But Yadav told TEHELKA that during Raja Bhaiya’s tenure, most of the procurement of farmers’ produce happened only on paper. “The modus operandi was simple. The mill owners, who were supposed to procure the produce from the farmers, would make bogus entries of procurement. Sometimes, the foodgrain stolen from PDS was shown as being procured from the farmers. And then cheques were disbursed to the mill owners and a cut was given to the minister,” Yadav told TEHELKA.
SP spokesman Rajendra Chowdhary adds, “CM Akhilesh Yadav has already said that all the cases against Raja Bhaiya were registered during the two previous regimes of Mayawati out of political vendetta and there is no substances in those cases.”
Yadav, who hails from Gotani village in Pratapgarh district, which is 6 km away from Raja Bhaiya’s native Benti village, told TEHELKA he had been associated with Raja Bhaiya since 1993. TEHELKA tried to corroborate his claims and found that police records show Yadav has been an active member of Raja Bhaiya’s gang since 1993, the year Bhaiya was first elected as an MLA.
Yadav has also been booked in many criminal cases lodged against Raja Bhaiya’s gang, including cases registered under the Gangster Act and attempt to murder. TEHELKA’s investigation also revealed that Yadav was officially appointed as Raja Bhaiya’s PRO in 2004 when Raja was sworn in as Cabinet minister after his release from jail and continued in the post till May 2007.
Yadav regularly drew a monthly salary from the state treasury (TEHELKA has accessed information of Yadav’s SBI savings account at the Civil Secretariat Branch in Lucknow, which has details of the salary being credited by the Secretariat Administrative Department every month). TEHELKA has also accessed a copy of the diary, a copy of which is in CBI custody.
It is not clear when and why Yadav fell out with Raja Bhaiya and why he has chosen to blow the whistle now, many years after the alleged illicit money was generated. However, Yadav told TEHELKA that he had decided to expose the minister because his conscience could no longer bear the burden of being a party to an illegal empire built on the misfortune of the poor and downtrodden.
EVERY YEAR, the Centre spends thousands of crores of rupees of public money on foodgrain subsidy. The amount of food subsidy increased to Rs 68,198 crore in 2010-11 from Rs 31,260 crore in 2007-08. In the current fiscal, the Centre has allocated Rs 75,000 crore for eliminating hunger. Uttar Pradesh, which is the most populous state and thus has the largest number of intended beneficiaries, has received around 1 lakh crore of subsidy in 2001-12. Under PDS, subsidised foodgrain is provided under schemes such as Antyodya, Mid-Day Meal, Below Poverty Line (BPL) and Above Poverty Line (APL) programmes.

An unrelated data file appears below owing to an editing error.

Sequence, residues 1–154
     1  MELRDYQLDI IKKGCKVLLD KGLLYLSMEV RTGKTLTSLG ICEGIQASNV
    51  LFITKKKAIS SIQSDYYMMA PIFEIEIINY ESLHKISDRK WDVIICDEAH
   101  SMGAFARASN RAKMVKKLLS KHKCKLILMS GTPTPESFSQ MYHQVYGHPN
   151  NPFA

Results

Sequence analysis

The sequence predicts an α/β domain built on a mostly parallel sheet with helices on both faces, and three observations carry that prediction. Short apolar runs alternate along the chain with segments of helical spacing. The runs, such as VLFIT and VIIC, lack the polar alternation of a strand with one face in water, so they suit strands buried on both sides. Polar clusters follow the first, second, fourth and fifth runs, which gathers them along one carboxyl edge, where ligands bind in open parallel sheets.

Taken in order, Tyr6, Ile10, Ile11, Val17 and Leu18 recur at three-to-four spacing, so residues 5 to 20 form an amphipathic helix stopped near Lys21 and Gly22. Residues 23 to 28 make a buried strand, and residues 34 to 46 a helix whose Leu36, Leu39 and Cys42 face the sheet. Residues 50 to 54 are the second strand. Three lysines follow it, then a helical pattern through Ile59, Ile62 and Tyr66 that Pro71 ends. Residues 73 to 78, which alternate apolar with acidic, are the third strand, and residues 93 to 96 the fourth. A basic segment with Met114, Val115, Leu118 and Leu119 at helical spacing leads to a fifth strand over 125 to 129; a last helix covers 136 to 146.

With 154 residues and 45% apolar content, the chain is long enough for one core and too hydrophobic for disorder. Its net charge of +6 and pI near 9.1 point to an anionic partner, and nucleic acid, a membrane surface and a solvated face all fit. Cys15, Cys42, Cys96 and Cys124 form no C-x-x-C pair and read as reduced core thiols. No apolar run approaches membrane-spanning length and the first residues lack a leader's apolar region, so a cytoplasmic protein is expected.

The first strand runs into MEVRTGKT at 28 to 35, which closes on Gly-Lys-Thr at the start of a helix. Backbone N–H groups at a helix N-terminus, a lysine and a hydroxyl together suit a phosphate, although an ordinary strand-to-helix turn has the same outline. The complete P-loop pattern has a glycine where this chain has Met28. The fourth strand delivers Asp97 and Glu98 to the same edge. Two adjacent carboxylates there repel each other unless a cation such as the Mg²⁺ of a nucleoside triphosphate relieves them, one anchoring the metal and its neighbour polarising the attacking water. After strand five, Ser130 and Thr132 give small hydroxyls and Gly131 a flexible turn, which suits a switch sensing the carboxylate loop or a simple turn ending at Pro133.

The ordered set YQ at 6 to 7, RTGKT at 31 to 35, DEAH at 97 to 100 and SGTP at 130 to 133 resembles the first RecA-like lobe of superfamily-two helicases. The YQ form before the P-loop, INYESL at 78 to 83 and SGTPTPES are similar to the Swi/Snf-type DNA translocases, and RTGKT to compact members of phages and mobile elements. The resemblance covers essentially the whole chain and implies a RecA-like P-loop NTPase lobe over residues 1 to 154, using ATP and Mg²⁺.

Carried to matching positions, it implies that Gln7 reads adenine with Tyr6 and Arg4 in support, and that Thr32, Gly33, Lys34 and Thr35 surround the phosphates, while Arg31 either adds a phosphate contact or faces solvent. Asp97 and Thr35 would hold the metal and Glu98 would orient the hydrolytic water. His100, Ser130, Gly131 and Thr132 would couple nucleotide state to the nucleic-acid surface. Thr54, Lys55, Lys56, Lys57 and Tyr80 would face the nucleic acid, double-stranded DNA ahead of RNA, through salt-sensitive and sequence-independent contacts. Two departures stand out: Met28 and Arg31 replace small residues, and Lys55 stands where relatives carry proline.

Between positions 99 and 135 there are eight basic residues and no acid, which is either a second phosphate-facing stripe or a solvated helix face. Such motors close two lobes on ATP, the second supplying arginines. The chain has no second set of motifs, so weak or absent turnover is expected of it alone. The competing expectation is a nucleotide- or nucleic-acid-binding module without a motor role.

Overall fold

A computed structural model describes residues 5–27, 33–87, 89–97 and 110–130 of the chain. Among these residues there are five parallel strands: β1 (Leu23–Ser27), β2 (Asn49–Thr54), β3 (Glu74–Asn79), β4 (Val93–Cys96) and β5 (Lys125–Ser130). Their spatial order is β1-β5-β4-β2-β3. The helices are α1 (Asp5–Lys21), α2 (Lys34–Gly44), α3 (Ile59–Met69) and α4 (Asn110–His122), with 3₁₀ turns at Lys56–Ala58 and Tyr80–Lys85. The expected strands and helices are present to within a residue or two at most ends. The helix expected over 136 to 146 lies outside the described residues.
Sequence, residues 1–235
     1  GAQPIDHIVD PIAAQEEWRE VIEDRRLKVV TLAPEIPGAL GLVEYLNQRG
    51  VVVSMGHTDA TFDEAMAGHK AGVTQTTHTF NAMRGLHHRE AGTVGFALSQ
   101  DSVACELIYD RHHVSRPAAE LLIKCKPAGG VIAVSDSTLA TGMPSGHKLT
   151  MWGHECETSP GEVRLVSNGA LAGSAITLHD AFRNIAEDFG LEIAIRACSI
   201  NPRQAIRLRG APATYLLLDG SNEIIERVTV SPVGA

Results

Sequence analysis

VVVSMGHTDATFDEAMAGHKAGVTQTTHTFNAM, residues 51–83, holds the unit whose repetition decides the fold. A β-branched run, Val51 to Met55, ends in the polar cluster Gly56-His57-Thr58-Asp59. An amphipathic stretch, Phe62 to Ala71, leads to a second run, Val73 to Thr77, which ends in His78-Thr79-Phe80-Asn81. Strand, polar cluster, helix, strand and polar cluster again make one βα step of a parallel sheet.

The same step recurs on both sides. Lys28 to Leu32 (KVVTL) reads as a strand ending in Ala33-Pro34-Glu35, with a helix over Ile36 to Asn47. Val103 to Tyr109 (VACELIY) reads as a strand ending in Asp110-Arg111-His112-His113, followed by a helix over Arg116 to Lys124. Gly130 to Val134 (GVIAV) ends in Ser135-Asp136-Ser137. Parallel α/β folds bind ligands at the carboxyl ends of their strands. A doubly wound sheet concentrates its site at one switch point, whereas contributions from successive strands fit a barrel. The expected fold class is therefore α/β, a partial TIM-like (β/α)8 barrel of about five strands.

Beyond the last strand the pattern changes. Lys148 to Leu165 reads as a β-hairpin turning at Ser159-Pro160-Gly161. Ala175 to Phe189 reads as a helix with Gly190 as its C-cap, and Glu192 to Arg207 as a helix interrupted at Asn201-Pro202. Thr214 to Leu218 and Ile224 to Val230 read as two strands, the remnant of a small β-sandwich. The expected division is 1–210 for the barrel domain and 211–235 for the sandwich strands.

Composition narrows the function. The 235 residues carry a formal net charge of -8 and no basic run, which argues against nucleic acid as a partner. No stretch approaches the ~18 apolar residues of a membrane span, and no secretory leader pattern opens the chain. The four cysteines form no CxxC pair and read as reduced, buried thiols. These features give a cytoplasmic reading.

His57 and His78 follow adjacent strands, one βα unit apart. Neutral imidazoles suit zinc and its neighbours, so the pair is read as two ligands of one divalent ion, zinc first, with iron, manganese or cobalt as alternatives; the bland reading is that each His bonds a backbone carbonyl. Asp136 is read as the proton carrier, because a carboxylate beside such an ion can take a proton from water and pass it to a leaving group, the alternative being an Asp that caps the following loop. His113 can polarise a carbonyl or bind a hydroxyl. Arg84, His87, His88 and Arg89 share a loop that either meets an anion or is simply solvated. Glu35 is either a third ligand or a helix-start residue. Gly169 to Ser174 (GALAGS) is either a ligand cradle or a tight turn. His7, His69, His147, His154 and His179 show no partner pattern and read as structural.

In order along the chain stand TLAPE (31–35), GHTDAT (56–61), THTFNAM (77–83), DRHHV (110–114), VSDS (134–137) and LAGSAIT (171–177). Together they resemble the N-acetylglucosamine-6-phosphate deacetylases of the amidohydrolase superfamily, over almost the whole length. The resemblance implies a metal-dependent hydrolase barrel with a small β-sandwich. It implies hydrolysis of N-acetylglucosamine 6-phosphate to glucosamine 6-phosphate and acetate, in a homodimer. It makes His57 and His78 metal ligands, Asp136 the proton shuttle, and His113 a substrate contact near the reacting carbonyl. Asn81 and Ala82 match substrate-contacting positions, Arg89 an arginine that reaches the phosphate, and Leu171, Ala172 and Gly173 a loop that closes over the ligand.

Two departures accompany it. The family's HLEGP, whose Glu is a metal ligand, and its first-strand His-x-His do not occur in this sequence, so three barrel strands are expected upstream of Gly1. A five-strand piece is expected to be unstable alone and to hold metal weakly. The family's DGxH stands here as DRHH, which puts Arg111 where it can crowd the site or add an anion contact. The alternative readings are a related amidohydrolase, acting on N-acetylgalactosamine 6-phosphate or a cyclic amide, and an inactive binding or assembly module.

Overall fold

Under the BPL scheme in UP, each family living below the poverty line gets 23 kg of wheat and 12 kg of rice every month at the rate of Rs 4.65 and Rs 6.15 per kg respectively. However, in eight divisions of UP where people consume more rice than wheat, each BPL family is allocated 15 kg of wheat and 20 kg of rice. Besides, sugar and kerosene are also provided at a fraction of the market price. At present, the Central government is providing subsidy for 74.37 lakh BPL families in the state.
Under the Antyodya scheme, the subsidy on foodgrain is even higher. The beneficiary families earmarked for this scheme get wheat at the rate of Rs 2 per kg, rice at Rs 3 per kg and sugar at Rs 13.50 per kg. Each family gets 35 kg of foodgrain and 700 grams of sugar per month. Since 2001, 32.42 lakh families have been shown on paper as the beneficiaries of this scheme in UP. Similarly, under the APL scheme, ration card-holders are given wheat and rice at Rs 6.60 and Rs 8.45 per kg respectively.
Until 2008, under the Sampoorn Gramin Rozgar Yojna (SGRY, which was later renamed MGNREGA), labourers were given Rs 33 in cash and 5 kg wheat or alternatively Rs 23 in cash and 5 kg rice. (Now, under MGNREGA, the daily wages are disbursed through cheques only).
Except for the SGRY and food-for-cash schemes, the rest of the schemes are directly controlled and monitored by the food and civil supplies ministry.
For all these schemes, it’s the Centre that provides 100 percent subsidy. Every year, the UP government sends bills and utilisation certificates claiming the allocation of foodgrain, kerosene and sugar to the poor after which the Centre gives 100 percent reimbursement to the state government. Since 2001, the UP government has been claiming full allocation to all the intended beneficiaries.